Dormant Seeding

Discussion in 'Turf Renovation' started by Keegan, Nov 29, 2011.

  1. Keegan

    Keegan LawnSite Senior Member
    from CT
    Posts: 606

    When is a good time to start dormant seeding?
     
  2. grassman177

    grassman177 LawnSite Fanatic
    Posts: 9,795

    when ground temps are below 50 degrees and going to stay there
     
  3. RigglePLC

    RigglePLC LawnSite Fanatic
    Posts: 12,077

    Last year, seed sown on top of snow in February, for a test, came up about April 8th, in Michigan.

    So...I am planning to try the test again this year. I have started to plant seed outdoors in containers every month. I checked the results so far, a few minutes ago. Oddly, seed planted on October 29th came up, and the tallest sprout is about one-inch tall. 31 days to sprout. Temperatures have been average, several frosts, a half-inch of snow that lasted for a few hours. It is 38 degrees at the moment. Seed used was Scotts "Classic" which is about 30 percent per rye.

    It is possible that seeding in late March would work just as well. I will see what happens in spring.

    Edit ...soil temp is 35.
     
    Last edited: Nov 30, 2011
  4. 31bro

    31bro LawnSite Member
    from IN
    Posts: 126

    When you talk about dormant seeding, do you guys just spread the seed and fertilizer or do you still slit seed or aerate? What is the best option?
     
  5. Smallaxe

    Smallaxe LawnSite Fanatic
    Posts: 10,080

    Bare ground bubbles and heaves during the freeze/thaw cycle. Grass seed is of such a design as to 'plant itself' under such conditions.

    You can observe this for yourself by placing seed out in open soil and check it throughout the winter, and seed what comes up in the Spring... :)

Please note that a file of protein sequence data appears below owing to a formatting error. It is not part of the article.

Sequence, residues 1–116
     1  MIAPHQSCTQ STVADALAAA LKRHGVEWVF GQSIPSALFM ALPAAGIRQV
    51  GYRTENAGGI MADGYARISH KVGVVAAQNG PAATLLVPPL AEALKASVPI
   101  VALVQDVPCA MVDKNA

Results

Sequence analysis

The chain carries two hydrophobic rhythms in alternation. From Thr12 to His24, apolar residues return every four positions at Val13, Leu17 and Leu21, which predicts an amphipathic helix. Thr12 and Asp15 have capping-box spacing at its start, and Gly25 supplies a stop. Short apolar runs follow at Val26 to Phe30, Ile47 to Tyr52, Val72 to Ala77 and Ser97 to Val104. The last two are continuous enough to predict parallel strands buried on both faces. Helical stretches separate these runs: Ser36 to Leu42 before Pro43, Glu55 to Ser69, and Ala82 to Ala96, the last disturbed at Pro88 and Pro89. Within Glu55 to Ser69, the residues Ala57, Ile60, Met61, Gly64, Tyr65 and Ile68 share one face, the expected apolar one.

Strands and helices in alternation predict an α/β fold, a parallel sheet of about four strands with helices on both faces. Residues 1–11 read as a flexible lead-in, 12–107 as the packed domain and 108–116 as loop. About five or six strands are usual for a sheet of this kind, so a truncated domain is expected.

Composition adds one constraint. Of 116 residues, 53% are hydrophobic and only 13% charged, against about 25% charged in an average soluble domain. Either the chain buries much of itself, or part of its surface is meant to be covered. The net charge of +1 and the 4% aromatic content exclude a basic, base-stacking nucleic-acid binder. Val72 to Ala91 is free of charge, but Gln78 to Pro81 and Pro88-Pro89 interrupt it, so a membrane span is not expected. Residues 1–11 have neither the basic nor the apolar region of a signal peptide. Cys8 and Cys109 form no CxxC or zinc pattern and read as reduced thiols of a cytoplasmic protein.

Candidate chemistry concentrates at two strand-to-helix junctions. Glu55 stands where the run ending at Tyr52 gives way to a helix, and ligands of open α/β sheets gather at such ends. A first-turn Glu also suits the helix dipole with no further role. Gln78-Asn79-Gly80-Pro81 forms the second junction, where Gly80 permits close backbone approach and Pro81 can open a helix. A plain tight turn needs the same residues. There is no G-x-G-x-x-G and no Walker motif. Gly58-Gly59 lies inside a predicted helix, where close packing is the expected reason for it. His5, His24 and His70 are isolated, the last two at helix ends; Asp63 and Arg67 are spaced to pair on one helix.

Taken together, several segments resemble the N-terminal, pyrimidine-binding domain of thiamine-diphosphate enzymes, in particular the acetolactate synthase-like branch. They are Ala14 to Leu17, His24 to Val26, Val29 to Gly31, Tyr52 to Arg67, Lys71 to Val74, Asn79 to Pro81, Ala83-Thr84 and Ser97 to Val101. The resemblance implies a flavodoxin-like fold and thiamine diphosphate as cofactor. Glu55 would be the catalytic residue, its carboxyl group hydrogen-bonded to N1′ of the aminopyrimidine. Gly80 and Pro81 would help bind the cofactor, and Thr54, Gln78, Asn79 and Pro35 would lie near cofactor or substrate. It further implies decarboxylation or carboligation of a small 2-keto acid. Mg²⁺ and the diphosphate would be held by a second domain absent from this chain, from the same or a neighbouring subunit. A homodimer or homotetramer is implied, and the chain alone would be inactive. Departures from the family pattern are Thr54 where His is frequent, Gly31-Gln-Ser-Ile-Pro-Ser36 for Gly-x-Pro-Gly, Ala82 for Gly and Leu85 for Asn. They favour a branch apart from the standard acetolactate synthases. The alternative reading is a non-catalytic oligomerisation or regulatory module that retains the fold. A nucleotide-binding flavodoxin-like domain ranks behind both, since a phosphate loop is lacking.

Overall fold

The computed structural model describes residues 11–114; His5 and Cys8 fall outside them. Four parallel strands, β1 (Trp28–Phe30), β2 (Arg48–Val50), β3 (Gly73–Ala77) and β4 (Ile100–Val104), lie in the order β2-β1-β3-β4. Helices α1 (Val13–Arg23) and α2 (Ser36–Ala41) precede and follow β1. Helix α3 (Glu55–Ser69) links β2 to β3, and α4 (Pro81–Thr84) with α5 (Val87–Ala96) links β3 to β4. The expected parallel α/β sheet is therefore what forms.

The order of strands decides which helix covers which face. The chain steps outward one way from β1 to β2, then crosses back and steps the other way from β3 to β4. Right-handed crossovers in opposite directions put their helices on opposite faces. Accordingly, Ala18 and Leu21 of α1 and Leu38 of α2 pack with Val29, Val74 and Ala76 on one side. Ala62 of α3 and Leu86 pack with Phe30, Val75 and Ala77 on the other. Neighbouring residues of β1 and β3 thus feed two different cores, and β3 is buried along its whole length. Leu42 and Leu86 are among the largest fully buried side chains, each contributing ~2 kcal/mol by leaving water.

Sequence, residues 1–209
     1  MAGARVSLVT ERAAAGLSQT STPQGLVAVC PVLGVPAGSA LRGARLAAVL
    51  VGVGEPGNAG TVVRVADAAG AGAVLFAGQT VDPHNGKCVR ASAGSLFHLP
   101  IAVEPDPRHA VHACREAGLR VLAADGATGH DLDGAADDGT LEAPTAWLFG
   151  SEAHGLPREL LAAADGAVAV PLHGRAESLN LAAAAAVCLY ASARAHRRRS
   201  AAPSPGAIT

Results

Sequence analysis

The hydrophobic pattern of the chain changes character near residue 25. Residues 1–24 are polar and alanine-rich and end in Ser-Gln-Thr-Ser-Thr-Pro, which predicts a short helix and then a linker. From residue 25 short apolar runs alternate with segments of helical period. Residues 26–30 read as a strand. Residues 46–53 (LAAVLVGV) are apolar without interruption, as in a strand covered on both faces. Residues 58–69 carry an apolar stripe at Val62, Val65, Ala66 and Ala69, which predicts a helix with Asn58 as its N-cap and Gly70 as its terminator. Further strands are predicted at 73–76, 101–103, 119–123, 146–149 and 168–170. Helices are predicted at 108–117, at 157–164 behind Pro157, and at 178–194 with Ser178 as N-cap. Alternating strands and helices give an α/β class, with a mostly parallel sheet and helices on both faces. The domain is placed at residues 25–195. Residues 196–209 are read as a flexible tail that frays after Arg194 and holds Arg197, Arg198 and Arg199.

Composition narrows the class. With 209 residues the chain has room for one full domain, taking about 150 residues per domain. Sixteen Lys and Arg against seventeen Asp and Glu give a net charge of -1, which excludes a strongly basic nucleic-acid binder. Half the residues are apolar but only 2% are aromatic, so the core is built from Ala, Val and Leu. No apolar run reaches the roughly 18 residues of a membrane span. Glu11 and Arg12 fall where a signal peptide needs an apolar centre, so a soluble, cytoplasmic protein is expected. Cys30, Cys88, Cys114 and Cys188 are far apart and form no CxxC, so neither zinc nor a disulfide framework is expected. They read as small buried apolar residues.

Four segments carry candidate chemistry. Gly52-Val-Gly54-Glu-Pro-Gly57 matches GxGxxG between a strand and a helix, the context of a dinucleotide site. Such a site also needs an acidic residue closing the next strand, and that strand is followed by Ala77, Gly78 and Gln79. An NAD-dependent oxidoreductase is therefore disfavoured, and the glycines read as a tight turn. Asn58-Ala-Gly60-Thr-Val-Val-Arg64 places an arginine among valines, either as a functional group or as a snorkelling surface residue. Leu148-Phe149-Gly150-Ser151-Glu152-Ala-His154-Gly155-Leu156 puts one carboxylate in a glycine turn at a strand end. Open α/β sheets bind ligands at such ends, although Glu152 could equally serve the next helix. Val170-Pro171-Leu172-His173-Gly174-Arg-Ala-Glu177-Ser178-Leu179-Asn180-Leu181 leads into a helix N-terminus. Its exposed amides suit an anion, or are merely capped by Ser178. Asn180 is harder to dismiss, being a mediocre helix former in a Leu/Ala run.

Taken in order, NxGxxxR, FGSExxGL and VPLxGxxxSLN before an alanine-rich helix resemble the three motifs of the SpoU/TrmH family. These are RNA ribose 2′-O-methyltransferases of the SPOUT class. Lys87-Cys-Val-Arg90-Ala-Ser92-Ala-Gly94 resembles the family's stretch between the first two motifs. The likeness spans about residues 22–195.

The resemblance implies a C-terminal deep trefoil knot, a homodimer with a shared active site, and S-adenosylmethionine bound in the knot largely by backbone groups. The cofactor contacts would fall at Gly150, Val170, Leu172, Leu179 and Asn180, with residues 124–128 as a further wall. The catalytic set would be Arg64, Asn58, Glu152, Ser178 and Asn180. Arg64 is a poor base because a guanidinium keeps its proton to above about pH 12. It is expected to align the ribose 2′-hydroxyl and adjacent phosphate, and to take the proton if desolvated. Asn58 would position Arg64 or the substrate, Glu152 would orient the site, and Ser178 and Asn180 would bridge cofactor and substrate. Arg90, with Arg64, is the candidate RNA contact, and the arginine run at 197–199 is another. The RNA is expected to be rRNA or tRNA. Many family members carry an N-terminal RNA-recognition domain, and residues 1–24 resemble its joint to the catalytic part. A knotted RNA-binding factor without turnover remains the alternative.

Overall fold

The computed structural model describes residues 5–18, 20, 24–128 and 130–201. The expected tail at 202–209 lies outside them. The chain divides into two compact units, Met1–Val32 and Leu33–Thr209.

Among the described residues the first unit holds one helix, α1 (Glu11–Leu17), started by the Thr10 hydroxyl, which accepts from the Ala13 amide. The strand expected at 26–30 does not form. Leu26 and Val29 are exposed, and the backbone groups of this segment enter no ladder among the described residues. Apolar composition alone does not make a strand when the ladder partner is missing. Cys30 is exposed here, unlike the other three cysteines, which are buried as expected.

6. fl-landscapes

    fl-landscapes LawnSite Silver Member
    Posts: 2,542

    Skip the fertilizer if its a true dormant situation as it will not be utilized by dormant turf and will volitize off or leach away before new seedlings emerge in the spring
    Posted via Mobile Device
     
  7. CHARLES CUE

    CHARLES CUE LawnSite Silver Member
    Posts: 2,091

    I like to wait till march It's been warm here Easter lily's are up about a inch and thats on a north facing slope no sun at all

    Charles Cue
     
  8. phasthound

    phasthound LawnSite Platinum Member
    Posts: 4,575

    I don't know about down south, but up north the practice of applying fert as grass goes dormant is probably the largest source of nutrient runoff into our waters caused by lawn fert.

    Most nutrient runoff is cause by erosion, agriculture and other sources.

    Good sound fert applications add few nutrients to our waters, in spite of what many may believe. If you want to give the lawn care industry a black eye, apply fert to cool season turf now. :nono:
     
  9. fl-landscapes

    fl-landscapes LawnSite Silver Member
    Posts: 2,542

    [ living in ma most of my life I was referring to cool season grass. If I read this correctly you were agreeing with me to not fertilize if the turf is truly dormant?


    QUOTE=phasthound;4231743]I don't know about down south, but up north the practice of applying fert as grass goes dormant is probably the largest source of nutrient runoff into our waters caused by lawn fert.

    Most nutrient runoff is cause by erosion, agriculture and other sources.

    Good sound fert applications add few nutrients to our waters, in spite of what many may believe. If you want to give the lawn care industry a black eye, apply fert to cool season turf now. :nono:[/QUOTE]
    Posted via Mobile Device
     
  10. phasthound

    phasthound LawnSite Platinum Member
    Posts: 4,575

    Yes, I am agreeing with you about late fert applications being a nono for cool season turf.
    BTW, my wife would kill to move back to MA. :)
     

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